US Congress pushes to agree on COVID-19 relief deal as shutdown deadline approaches


WASHINGTON, Dec. 18 (Reuters) – The US Congress faced a deadline on Friday to agree to a new round of COVID-19 aid under a sweeping government funding bill, pass a third bill on interim spending so negotiations can continue, or leave the government closed at midnight.

After months of partisan inaction and inaction, Republicans and Democrats negotiated intensely this week on what is expected to be a $ 900 billion bill to provide relief to a country struggling with a pandemic that has killed nearly 309,000 Americans.

They reported progress, but enough differences remained on Thursday evening that talks likely continue until the weekend.

Several lawmakers have raised the possibility that the federal government will run out of cash early on Saturday morning, if Congress is unable to pass a temporary government funding bill by midnight Friday.

Republican Senate Majority Leader Mitch McConnell said the chamber would remain in session throughout the weekend if necessary, citing the urgent need.

“The Senate is not going anywhere until we receive relief from COVID,” he said, adding that senators would vote throughout the weekend on more appointments for the Republican president outgoing Donald Trump.

The prospect of a government shutdown increases the pressure to come up with a back-up plan. A shutdown could force thousands of people out of work and disrupt services in a time of high unemployment and uncertainty over the distribution of coronavirus vaccines.

A Democratic House of Representatives aide familiar with the negotiations said there was confidence that the Democratic-led House could meet the Friday midnight deadline.

House Speaker Nancy Pelosi told reporters the negotiators “are doing well.” When asked if a back-up plan would be passed in the House on Friday, she replied only, “We’ll see, we’ll see.”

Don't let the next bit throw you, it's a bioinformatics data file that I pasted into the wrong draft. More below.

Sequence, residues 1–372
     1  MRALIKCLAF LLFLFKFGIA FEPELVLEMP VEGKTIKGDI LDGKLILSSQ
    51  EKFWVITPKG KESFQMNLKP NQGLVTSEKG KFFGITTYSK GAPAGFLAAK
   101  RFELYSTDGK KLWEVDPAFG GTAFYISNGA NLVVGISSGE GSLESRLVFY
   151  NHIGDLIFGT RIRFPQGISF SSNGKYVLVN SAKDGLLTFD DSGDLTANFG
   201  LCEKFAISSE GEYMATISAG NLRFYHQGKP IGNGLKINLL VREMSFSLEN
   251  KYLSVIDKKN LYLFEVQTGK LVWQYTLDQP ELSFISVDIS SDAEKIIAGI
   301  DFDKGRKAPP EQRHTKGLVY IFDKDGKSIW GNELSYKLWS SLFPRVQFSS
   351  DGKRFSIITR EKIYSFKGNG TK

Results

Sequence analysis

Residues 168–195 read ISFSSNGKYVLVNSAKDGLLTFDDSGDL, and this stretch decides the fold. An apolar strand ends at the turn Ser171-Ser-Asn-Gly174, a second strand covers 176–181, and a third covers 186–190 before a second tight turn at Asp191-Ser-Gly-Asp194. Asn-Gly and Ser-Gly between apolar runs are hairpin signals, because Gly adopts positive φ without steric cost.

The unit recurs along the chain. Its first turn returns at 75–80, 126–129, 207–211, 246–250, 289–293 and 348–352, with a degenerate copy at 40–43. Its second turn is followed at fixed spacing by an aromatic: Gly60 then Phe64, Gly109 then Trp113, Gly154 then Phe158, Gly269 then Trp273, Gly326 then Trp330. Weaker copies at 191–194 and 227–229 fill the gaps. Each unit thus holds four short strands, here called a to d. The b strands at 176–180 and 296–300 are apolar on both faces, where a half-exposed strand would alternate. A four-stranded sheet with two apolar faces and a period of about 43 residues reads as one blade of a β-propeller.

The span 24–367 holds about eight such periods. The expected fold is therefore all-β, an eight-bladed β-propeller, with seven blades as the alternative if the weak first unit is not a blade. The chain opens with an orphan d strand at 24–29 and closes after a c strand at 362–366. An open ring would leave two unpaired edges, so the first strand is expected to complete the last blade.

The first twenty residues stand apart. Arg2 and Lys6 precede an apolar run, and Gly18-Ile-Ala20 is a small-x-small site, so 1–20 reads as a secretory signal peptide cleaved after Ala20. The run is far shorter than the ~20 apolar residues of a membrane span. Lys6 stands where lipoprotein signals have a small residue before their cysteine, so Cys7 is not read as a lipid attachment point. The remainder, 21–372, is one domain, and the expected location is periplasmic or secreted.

Coronavirus legislation is expected to include stimulus checks of around $ 600, extended unemployment benefits, aid to states distributing the vaccine, and assistance to small businesses battling the pandemic.

Members of Congress said they were urged to act by an alarming increase in hospitalizations and deaths from the pandemic. The coronavirus death toll in the United States is by far the highest in the world, and many Americans – who do not receive automatic government assistance in many other countries – are struggling.

Republican Senator Rob Portman pointed to the growing lines of unemployed Americans at food banks. “Something’s going on here, people… people wait five, six hours for a box of food.”

Republicans also have a wary eye on the impact inaction could have on a pair of January 5 two-rounds in Georgia, which will decide whether their party maintains control of the Senate for the next two years or cedes it to the Democrats.

House and Senate leaders are negotiating a $ 900 billion bill that would be paired with a $ 1.4 trillion measure to fund federal programs through September 2021. They hope to pass both in time to avoid a stop.

Obstacles to a deal include differences over an emergency Federal Reserve loan program, how to handle eviction prevention, food aid for the poor, and reimbursement to local governments for expenses such as equipment. personal protection for schools.

Additional reporting by Susan Cornwell; Edited by Rosalba O’Brien


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